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You Aren’t Lazy. You’re Burnt Out.

by | Aug 15, 2022 | Life Hacks

Burnout is like the boogie monster.

When you’re not paying attention it creeps up on you, smacks you in the face, and makes you scream.

Burnout moves slowly at the start.

The longer you notice it’s not there the faster its horrific impacts start negatively affecting your life. Burnout has nearly ruined my life multiple times — it’s an ongoing battle.

Modern-day success is fine until you become too addicted to work and start to unconsciously sacrifice your energy, body, and mind.

The hidden layer of burnout

A little stress is good for you. It helps you break your comfort zone and even build muscles in the gym.

No pressure, no growth.

I deal with one stressful event fine. What I’ve started to notice is when multiple layers of stress enter my life then things can go bad.

Recently, two close family members became gravely ill. Then I got a difficult customer for the first time in a long time. Then a small business lawsuit landed on my desk from years ago. Then I got coroni-rona and my lung capacity was affected long-term as a result.

The high-pitched ringing in my ears that was manageable started to get out of control again — it’s affecting my sleep. Layer in a few trolls and a recession that’s slowed down the global economy, and soon, layers of stress start to mount.

Burnout starts with stress because stress causes energy reserves to spring a leak faster than normal.

If you don’t monitor your stress levels they can quickly go from healthy to burnout levels.

What burnout feels like

The official definition of burnout is complete physical, mental, and emotional exhaustion.

What it feels like to me is a lack of motivation, an out-of-control to-do list, an unhealthy drop in personal savings, and getting tired easily. When I experience burnout I often find myself taking multiple naps a day instead of the one 15-minute daily nap I normally take.

Sleep is how energy is replenished. If you’ve hardly done any work and your energy has already tanked, it can be a sign of burnout.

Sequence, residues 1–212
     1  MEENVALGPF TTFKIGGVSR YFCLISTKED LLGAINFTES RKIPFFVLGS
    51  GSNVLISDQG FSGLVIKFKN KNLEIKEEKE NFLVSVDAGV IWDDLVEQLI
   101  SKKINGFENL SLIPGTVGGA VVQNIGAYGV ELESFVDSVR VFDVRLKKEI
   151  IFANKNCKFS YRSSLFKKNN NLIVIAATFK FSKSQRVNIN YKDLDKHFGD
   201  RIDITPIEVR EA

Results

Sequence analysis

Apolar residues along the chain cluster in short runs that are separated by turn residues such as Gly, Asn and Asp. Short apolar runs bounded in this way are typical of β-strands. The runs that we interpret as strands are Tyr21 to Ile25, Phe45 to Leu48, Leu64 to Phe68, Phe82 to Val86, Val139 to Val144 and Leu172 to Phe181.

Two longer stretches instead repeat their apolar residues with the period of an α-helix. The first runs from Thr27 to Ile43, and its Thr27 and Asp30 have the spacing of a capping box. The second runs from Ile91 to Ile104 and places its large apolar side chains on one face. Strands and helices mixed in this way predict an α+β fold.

A bizarre thing I find with burnout is I can become easily bored too. Everything can start to feel familiar or the same. Since the bat virus struck in 2020, many of us have experienced this feeling.

Working from home feels the same after a while.

  • The same home office
  • The same few family members
  • The same place you sleep and work
  • No work events or fire drills in the office to break up the monotony

Frustration creeps in too

Low energy causes you to snap.

You forget the phrase “everybody is fighting a battle you know nothing about.” Your ego can easily start running the show. Think of it like being a firecracker. All it takes is one spark and everything blows up.

Frustration finds its way into your life because burnout is still invisible. You believe it’s just the stupidity of others that is at an all-time high rather than an early warning sign of burnout.

Whenever I start thinking everyone is stupid, I watch David Foster Wallace’s “This is water speech” on Youtube.

Dopamine habits can make it worse

Dopamine is now a feature most businesses think about.

If humans don’t get a dopamine release from a product or service then it probably won’t become a sticky transaction they complete repeatedly.

Even as a writer I think about dopamine. Every subtitle in a piece of writing gives the reader a small amount of dopamine because subtitles create a feeling of progress.

With fake dopamine rewards so incessant, they’re hard to escape. They, too, can further lower energy and make early or late-stage burnout feel worse.

You Aren't Lazy 101

Photo by Michael Dagonakis on Unsplash

You aren’t lazy

Laziness is easier to spot than burnout and you probably don’t suffer from it if you’re reading this.